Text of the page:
BUSINESSES across the region are excited about the year ahead, with confidence in the economy at near record highs – however, they continue to feel the pain from rising power bills.
A survey by the NSW Business Chamber showed local businesses reported increases in total capital spending, sales revenue and staff numbers, along with an positive out look on the state’s economy.
NSW Business Chamber regional manager Joe Townsend said confidence in the state’s business landscape had doubled in the last quarter.
“The perceived strength in the state’s economy is the key driver behind business growth and investment but cost pressures remain a drain,” Mr Townsend said.
Glen Innes hotel New England Motor Lodge is just one of the many businesses in the town to prosper from the construction of nearby wind farms.
“A lot of the time, we were 100 per cent booked with wind farm workers,” owner Sharon Harris said.
“The extra business has help us pay for the refurbishment of the hotel, which has increased out star rating. We’ve gone from a borderline 3.5 star to almost a 4.5 star hotel. That in itself creates confidence and brings back corporate customers.”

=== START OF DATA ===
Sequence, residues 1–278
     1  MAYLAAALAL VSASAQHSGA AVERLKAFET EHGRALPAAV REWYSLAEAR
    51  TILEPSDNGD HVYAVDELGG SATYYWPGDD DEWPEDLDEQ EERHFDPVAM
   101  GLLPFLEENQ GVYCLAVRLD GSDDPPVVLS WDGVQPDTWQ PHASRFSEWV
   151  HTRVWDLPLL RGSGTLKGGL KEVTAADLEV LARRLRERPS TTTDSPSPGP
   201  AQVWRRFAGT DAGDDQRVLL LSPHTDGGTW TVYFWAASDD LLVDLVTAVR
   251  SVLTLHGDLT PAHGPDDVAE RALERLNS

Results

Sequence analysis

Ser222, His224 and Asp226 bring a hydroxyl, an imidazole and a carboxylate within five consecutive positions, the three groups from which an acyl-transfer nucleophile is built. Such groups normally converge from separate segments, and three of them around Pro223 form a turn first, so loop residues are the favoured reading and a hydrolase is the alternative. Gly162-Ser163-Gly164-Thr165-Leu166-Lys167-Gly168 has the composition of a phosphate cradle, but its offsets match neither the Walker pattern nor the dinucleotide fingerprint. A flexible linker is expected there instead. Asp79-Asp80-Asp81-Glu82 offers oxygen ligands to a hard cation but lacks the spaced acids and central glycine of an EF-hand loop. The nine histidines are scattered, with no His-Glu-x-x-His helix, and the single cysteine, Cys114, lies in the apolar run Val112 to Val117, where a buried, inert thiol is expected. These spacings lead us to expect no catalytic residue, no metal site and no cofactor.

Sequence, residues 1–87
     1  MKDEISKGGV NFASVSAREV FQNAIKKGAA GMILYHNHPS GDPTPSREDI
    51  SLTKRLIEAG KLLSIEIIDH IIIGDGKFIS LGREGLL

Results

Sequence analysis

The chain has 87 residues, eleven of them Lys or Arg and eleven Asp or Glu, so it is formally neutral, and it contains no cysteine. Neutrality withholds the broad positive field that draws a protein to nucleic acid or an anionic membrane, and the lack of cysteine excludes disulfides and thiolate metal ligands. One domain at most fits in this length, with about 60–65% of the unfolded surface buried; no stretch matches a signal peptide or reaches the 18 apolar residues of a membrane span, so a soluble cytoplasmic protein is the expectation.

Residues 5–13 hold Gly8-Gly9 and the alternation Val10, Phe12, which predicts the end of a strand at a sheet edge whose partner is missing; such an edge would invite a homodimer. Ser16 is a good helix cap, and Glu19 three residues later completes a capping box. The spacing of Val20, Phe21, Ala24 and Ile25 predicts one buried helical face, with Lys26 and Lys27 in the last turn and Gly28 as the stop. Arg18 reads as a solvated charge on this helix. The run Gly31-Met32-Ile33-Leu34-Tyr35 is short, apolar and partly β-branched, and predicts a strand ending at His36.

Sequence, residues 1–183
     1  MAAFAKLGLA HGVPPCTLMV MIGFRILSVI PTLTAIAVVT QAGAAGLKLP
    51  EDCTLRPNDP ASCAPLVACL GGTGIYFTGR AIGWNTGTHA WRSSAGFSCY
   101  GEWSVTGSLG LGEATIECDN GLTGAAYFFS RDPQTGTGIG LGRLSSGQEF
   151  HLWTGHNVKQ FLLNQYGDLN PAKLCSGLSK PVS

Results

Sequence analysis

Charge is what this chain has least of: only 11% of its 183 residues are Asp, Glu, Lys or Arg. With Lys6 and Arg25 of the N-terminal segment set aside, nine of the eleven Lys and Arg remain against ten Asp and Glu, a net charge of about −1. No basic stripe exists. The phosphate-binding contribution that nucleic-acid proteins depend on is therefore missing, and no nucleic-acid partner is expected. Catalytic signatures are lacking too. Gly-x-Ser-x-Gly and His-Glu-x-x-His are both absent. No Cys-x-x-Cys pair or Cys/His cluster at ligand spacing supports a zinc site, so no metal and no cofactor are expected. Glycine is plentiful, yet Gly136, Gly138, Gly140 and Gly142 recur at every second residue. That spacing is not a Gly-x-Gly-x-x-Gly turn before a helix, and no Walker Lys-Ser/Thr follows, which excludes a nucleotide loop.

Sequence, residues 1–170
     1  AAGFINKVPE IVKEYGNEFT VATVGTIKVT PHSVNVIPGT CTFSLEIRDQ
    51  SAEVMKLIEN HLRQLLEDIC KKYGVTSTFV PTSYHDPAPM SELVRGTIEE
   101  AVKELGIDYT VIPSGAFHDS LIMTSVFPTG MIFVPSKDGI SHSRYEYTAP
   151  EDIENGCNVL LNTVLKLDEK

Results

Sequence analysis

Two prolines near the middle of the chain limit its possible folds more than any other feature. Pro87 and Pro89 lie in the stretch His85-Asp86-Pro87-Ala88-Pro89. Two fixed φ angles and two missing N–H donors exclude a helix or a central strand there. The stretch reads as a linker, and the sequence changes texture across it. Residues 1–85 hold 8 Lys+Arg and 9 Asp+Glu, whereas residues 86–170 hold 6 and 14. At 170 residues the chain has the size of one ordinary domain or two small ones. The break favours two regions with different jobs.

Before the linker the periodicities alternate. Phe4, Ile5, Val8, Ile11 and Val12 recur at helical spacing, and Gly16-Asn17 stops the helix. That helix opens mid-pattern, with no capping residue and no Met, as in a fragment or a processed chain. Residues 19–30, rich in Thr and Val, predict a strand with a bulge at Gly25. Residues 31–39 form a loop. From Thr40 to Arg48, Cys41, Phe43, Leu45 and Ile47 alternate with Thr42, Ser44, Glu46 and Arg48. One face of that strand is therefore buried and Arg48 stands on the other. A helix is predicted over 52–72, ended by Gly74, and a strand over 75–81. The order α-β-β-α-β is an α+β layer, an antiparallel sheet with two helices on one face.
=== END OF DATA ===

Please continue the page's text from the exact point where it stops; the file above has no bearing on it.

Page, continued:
While the Glen Innes hotel is currently in a purple patch, Mrs Harris’ business was among the 58 per cent of businesses that reported being under pressure from rising operating costs.
The irony of increasing energy prices, despite the construction of nearby renewable projects was not lost on Mrs Harris.
“You’d think with the wind farm and solar farm would help reduce prices, but our energy bill has increased substantially since July last year,” she said.
“In a motel, gas and electricity are your expenses after staff costs.”
Inverell business owner Ross Worgan has also felt the impact of rising energy prices.
He’s taken drsteps to drive down his operational cost of his repair business, Dieselequip, installing 100 solar panels of the roof of his business – and it’s paying off.
“Our power bill for last quarter was around $2300,” Mr Worgan said. “Our most recent power bill, we got $500 in credit. If you include paying off the loan for the panels, we’ve saved $1000 off our last bill.”
Mr Townsend said in the long term, the gains in capital investment and staffing could be lost to rising power costs. He called on the government to implement a package of measures to increase supply and ease cost pressures